Held Monday, January 22, 2001
Today we begin the course with an overview of the compilation process
and a consideration of the structure of the course.
- Fill out the introductory
- Log on to Blackboard,
select the CSC362 Web, and post a comment to the
Which Language forum.
- Read Chaper 1 of ASU.
- What is a compiler?
- Why study compilers?
- How to study compilers
- Administrative Issues
- What is a compiler? revisited
- I believe in beginning my courses with a short dialog concerning the
topic of study. In particular, I think we should ask ourselves:
- You can find some of my notes on these questions below. However,
this class will develop its own answers to these and related
- Compilers are programs that translate from one language (typically
a high-level language, like Java, C, or Pascal) to another
(typically a low-level language, like assembler, machine code,
JVM, or C).
- To do this translation, they step through a number of phases,
which we will discuss later (probably Friday).
- The joy of creating a significant computing artifact.
- CS is a field that involves both practice (e.g., programming)
and theory (e.g., CSC341). Compilers are a wonderful ``platform''
for studying both practice and theory. In fact, compilation
motivated many early theoretical problems.
- Many large programs include their own language. If you are ever
called upon to help design such a language, you can draw upon
- Understanding how compilers work may help you program better
(although I strongly discourage you from ``coding for the compiler'',
particularly since newer compilation techniques may actually do worse with
programs designed for earlier compilers).
- Compilation involves many important subfields of computer science,
- Formal language theory
- Programming language design
- Software design
- Do problems to ensure that we understand the underlying theories.
- Read the code for someone else's compiler.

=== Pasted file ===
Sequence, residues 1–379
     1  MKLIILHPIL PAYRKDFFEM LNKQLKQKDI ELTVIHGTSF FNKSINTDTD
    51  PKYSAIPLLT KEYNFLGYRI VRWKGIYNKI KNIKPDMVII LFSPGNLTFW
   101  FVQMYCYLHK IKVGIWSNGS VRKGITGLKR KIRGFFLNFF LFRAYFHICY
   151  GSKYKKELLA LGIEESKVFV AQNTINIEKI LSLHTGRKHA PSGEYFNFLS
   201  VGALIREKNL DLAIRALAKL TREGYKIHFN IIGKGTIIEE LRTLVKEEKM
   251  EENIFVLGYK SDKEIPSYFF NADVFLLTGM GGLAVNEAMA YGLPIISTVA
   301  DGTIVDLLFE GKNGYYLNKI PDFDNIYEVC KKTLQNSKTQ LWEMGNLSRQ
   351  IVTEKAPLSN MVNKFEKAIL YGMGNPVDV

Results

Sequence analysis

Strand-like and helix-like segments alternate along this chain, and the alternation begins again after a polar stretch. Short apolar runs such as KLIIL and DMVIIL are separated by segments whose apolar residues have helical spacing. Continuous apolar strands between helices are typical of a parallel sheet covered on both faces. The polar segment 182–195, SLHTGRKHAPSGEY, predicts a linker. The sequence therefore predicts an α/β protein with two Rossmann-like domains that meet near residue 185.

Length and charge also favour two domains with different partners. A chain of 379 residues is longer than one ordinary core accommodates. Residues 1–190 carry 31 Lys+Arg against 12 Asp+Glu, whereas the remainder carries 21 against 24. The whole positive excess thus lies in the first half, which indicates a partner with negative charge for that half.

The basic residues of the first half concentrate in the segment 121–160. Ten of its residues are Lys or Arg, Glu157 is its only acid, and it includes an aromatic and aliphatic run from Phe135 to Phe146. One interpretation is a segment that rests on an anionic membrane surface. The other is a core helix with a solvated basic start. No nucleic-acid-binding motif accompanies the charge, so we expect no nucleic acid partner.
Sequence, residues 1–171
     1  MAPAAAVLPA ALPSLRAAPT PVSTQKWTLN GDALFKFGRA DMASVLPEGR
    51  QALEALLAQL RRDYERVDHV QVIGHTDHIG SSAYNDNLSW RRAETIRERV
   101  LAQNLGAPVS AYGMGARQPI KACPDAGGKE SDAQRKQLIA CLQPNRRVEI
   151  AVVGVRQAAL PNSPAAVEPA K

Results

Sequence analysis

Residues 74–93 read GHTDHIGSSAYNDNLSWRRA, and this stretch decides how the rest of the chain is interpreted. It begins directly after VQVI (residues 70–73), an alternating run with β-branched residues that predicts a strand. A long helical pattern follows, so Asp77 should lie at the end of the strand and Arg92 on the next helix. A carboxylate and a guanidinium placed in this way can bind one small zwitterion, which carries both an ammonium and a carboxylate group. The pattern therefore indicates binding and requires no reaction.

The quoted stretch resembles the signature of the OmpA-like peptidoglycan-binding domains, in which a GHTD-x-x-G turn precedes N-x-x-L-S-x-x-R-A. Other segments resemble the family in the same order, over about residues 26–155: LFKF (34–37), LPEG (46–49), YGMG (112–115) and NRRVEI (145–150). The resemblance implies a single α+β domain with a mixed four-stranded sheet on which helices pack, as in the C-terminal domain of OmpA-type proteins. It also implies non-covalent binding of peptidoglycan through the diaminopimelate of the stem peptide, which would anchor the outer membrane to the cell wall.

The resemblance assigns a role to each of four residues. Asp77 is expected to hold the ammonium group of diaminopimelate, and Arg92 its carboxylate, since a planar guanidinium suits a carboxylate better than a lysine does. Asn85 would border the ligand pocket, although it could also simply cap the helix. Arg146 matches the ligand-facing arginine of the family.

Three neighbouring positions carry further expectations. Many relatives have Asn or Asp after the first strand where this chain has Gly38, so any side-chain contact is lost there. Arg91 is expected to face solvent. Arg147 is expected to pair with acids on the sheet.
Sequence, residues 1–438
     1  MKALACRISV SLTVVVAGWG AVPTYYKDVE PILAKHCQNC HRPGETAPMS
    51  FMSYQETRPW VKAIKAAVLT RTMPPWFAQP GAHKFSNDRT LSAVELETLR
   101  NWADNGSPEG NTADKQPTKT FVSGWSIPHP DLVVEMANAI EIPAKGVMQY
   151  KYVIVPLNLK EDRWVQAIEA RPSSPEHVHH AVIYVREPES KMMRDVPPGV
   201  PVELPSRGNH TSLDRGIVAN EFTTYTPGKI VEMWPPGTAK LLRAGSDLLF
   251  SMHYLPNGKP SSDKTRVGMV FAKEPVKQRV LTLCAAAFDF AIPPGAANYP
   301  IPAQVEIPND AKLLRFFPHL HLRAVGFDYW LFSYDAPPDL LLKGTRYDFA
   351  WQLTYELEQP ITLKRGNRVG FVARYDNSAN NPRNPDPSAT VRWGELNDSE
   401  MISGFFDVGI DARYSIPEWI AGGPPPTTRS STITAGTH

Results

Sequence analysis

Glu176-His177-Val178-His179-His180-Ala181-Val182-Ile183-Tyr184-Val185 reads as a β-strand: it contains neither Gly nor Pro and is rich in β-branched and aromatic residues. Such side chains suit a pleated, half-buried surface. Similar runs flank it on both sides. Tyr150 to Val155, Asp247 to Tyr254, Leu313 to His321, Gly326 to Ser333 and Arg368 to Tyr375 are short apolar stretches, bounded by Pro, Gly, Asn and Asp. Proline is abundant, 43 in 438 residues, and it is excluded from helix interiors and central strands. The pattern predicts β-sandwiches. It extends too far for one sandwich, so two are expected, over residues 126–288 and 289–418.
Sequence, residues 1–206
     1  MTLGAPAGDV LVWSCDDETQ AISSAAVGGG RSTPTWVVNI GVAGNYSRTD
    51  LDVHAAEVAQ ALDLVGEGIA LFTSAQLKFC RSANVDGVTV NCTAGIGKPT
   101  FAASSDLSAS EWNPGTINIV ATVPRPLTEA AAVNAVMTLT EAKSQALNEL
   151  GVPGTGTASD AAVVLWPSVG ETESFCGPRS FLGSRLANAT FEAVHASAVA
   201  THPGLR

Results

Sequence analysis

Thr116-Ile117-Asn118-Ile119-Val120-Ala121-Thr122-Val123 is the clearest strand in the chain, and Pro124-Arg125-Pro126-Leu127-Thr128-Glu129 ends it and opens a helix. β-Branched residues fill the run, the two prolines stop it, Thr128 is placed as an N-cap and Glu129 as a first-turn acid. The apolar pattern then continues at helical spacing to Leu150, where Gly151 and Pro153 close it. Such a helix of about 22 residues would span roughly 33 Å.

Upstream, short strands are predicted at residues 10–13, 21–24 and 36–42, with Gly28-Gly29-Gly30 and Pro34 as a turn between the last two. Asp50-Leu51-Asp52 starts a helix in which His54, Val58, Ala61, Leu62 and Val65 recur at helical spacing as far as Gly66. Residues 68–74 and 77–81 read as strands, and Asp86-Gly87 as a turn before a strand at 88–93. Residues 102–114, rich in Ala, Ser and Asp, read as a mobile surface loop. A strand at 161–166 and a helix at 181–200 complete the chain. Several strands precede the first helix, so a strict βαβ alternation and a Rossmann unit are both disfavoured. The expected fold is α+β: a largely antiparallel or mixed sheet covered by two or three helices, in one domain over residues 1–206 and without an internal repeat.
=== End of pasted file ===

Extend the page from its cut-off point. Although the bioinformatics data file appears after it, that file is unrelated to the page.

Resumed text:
- Build one.
- There are many of accompanying documents which you can find
through the handouts page.
We will go over these casually.
- As an experiment, we'll be using Grinnell's Blackboard system for
some course stuff (e.g., discussion groups). Let me know if there
are groups you want me to add.
- Note that the department voted that CSC362 is intended to serve some
of the same purposes as CSC223. Because of this, CSC362 must involve
- at least one public presentation;
- group work; and
- a significant project.
- The significant project is no problem, as any compiler is a pretty
significant project. In fact, it is significant enough that you will
be working on it in groups.
- For public presentations in CSC362, I will ask you to choose a topic
that we have not covered in the course and give a short (20-minute)
presentation. You will have the opportunity to work in groups.
- In addition to group programming and presentation, you will also do
a number of written homeworks (often, simultaneous with the programming
work). You should do those homeworks as individuals, although you may
discuss ideas and answers with each other.
- I'd like to remind you that academic honesty is an important issue
at Grinnell. Please don't cheat. Please make sure to cite any code
you reuse or modify.
- As I may have mentioned earlier, a compiler does its translation
in phases, one phase at a time.
- There are a variety of ways to express these phases and different
compilers may choose different ways to break up the compilation
- The simplest is the two-phase compiler. The first phase
(called the front end) translates from the original high-level
language to a simple common intermediate language. The second phase
(called the back end) translates the intermediate language
to assembler or machine code.
- The front end is language dependent. The back end is machine dependent.
- The computer science education community has some debate about what
the undergraduate compilers course should study.
- Why to emphasize the back end:
- Almost all current research involves the back end (e.g., optimizations).
- Much of the front end can be automated using long-standing tools.
- Why to emphasize the front end:
- Helps ground theory.
- Most programmers will implement small languages and won't want to spend
effort on the back end.
Sunday, 21 January 2001
Monday, 22 January 2001
- Updated top matter slightly.